Business assets are essential to the way most businesses function. But getting your head around the different types of assets and how they should be accounted for can be tricky. Let’s take a look at what you need to know.
What is a business asset exactly?
Business assets are things your business owns or leases that enable you to continue trading. They could be all sorts of things from cash, buildings, and stock, to office equipment and even brand reputation.
In accounting terms, business assets are resources that can be converted into ready cash, or used to generate value. Bank balances, inventory, prepaid expenses and accounts receivable are all good examples.
How do I categorise my business assets?
There are a couple of ways to go about grouping your business assets. The most common is to categorise them according to their type and nature.
Current assets: These are assets which you expect to use within the next 12 months. For instance, the stock that you sell to customers.
Fixed assets: These are assets which you expect to stay in use by the business for longer than 12 months. Equipment, property, and machinery are all common examples of fixed assets.
Another way of categorising your business assets is by their physical characteristics – that is, whether they are ‘tangible’ or ‘intangible’.
These have no physical “touchable” presence but still have value to the business, such as the brand recognition which helps drive your sales.
These are physical assets you can touch or measure, such as:
Business premises, property, or land.
Cash and cash equivalents.
Machinery and equipment.
The value of any confirmed orders.
Any unpaid invoices that your customers still owe to you.
How are tangible assets valuable to my business?
It would be extremely difficult, or even impossible, to run your business without your tangible assets. Although they are items that are not for sale to customers, they still represent a large amount of your company’s worth.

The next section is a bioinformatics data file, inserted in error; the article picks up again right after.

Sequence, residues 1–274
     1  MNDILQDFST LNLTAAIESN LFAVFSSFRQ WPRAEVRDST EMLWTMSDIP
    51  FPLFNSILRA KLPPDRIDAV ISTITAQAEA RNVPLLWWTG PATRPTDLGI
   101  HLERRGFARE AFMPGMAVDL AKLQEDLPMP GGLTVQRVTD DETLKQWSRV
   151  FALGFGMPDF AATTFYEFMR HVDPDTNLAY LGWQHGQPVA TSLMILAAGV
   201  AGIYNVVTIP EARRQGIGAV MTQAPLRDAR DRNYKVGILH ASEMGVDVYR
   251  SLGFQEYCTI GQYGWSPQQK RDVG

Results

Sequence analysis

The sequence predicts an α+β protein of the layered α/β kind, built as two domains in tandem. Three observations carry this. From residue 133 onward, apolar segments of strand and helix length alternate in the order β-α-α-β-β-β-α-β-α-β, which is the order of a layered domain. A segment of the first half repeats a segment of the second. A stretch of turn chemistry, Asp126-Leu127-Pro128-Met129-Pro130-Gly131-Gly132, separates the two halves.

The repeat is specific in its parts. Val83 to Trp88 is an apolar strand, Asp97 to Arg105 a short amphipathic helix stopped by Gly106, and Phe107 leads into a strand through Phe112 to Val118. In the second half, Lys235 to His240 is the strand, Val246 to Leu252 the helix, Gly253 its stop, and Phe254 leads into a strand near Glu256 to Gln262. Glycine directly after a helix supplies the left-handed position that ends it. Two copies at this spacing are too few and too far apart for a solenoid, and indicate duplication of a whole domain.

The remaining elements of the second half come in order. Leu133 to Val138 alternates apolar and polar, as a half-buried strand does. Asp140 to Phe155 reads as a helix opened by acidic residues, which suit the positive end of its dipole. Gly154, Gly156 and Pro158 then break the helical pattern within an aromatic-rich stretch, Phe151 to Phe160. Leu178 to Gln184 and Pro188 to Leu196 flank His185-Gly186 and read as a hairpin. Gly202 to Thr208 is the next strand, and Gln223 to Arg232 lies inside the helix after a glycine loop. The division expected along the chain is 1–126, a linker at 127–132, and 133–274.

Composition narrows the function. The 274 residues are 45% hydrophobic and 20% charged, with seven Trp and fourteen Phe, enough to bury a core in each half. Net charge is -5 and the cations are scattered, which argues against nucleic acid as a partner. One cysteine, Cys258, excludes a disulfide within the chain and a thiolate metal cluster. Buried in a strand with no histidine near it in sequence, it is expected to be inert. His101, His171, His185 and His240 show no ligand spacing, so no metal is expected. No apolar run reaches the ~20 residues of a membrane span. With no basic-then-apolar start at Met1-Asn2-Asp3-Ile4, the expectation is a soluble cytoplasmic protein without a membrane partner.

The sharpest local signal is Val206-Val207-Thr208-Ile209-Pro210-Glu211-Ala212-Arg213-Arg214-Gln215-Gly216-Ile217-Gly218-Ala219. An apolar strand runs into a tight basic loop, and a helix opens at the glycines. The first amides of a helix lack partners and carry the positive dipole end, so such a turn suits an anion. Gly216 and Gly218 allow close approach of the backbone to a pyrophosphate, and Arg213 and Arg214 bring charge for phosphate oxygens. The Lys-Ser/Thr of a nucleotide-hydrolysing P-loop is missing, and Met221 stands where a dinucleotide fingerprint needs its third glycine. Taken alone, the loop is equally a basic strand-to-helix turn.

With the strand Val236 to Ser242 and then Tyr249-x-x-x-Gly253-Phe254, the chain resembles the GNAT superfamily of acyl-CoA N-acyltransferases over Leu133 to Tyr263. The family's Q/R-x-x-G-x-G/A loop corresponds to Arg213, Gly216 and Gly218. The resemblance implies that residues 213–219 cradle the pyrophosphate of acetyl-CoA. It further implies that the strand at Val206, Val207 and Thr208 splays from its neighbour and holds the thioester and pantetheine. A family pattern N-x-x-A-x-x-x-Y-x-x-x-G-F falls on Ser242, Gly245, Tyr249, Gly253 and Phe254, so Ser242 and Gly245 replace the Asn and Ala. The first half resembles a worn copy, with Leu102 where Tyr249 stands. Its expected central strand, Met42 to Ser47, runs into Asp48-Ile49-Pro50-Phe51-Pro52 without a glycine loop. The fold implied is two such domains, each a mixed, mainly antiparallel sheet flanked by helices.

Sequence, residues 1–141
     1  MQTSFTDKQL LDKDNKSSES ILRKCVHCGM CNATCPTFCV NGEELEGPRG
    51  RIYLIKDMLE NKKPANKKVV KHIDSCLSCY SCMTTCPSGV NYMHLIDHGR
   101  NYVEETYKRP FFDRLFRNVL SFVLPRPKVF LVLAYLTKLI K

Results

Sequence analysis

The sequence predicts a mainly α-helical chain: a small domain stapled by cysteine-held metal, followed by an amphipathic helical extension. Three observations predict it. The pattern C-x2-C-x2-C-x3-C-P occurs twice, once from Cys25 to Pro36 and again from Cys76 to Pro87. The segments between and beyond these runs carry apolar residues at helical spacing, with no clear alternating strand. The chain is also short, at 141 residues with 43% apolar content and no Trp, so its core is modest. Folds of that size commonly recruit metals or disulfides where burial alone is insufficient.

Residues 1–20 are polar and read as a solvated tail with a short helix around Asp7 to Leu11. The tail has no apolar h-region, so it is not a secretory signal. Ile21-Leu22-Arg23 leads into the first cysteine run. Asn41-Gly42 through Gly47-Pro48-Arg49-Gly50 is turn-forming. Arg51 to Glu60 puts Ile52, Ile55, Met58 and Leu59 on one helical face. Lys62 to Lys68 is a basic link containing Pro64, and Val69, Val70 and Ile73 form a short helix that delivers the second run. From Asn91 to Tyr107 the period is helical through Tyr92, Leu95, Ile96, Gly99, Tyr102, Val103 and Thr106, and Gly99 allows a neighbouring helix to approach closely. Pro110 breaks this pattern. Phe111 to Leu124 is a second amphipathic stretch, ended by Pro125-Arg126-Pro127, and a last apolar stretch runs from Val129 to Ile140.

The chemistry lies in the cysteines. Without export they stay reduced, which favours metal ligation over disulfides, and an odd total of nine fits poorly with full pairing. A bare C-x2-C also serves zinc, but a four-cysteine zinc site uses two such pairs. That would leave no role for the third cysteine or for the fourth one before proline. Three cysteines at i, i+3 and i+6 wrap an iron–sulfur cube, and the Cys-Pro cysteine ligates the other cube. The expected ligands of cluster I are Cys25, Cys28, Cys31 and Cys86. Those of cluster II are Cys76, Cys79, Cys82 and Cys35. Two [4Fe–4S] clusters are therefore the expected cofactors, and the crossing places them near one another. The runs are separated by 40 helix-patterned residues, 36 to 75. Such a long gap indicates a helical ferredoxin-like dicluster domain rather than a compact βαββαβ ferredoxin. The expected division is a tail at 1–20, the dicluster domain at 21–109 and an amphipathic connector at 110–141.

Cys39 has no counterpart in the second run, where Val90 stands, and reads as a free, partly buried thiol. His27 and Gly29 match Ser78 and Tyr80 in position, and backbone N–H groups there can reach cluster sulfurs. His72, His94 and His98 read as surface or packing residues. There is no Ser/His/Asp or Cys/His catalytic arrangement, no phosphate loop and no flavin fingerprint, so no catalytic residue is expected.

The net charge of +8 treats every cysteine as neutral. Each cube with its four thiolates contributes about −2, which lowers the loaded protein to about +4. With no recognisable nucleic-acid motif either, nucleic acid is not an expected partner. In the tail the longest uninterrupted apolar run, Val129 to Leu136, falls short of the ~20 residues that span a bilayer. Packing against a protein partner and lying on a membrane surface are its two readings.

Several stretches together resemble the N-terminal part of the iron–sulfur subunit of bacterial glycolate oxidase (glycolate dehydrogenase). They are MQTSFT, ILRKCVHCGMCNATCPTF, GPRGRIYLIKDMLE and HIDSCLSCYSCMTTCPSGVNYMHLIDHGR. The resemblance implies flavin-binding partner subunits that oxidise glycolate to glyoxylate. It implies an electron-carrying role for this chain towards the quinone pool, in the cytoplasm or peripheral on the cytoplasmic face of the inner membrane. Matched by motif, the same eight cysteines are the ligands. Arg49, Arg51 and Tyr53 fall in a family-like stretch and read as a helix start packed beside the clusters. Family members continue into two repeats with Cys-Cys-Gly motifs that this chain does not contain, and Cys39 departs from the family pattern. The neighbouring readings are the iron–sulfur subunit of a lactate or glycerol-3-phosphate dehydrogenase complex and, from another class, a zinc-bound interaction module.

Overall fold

Your tangible business assets:
Allow you to provide goods or services to your customers, or otherwise meet the goals and objectives of your business. For instance, an accountant needs a computer to provide a service, and a cabinet maker needs tools to provide products.
Have a market value, and can be sold to raise extra cash in an emergency.
Can be used as collateral to guarantee a loan.
Do I need to record tangible assets?
So that you can make the most of your tangible business assets, you’ll need to track and manage them effectively. For accounting purposes, all fixed business assets should be recorded on your balance sheet.
Some assets decrease in value as time goes on. This change in value is measured using an accounting technique called depreciation, and reflected in your records.
Using an efficient asset and inventory management system will also help you track your assets in terms of their quantity, and condition. This is useful for protecting your business from risk of theft, damage, or loss, and help you insure the proper value of your assets.
Do shareholders and directors own the company’s assets?
This bit is particularly worth bearing in mind. As a sole trader you are your business, so own everything within it. It’s a bit different for limited companies. Company shareholders own the business – but they don’t own the assets that come with it.
Even if you’re the only shareholder, you don’t own your company’s assets. The company is its own separate entity, so ‘it’ owns the assets, not you.
What about assets I buy for my limited company?
If you buy any assets for your company using your own personal money (this often happens when a business is very new) then you need to transfer ownership of it to the company.
How do I know the value of an asset I’m transferring to my company?
If you do transfer assets to the company, you’ll need to be clear about exactly what the current market value is of the asset, bearing in mind its condition, age, and other factors.
Update your records once the transfer takes place, and keep any original receipts as supporting evidence.
What happens to assets if I decide to wind up my company?
This depends on how you close your limited company, and whether or not it’s still solvent (can afford to pay its bills). If the company is insolvent, then any assets are sold to pay off as many creditors as possible.
You can close a solvent company by either:
Having the company struck off at Companies House, known as dissolution. Assets that aren’t disposed of before applying for dissolution may then become property of the Crown. This is what’s referred to as ‘bona vacantia.’
Members’ Voluntary Liquidation (MVL). If you liquidate the company voluntarily, any assets left over once all the bills are paid are sold off for the benefit of the shareholders.
If you are thinking of buying back any assets from your business yourself, you’ll need to consider the tax implications.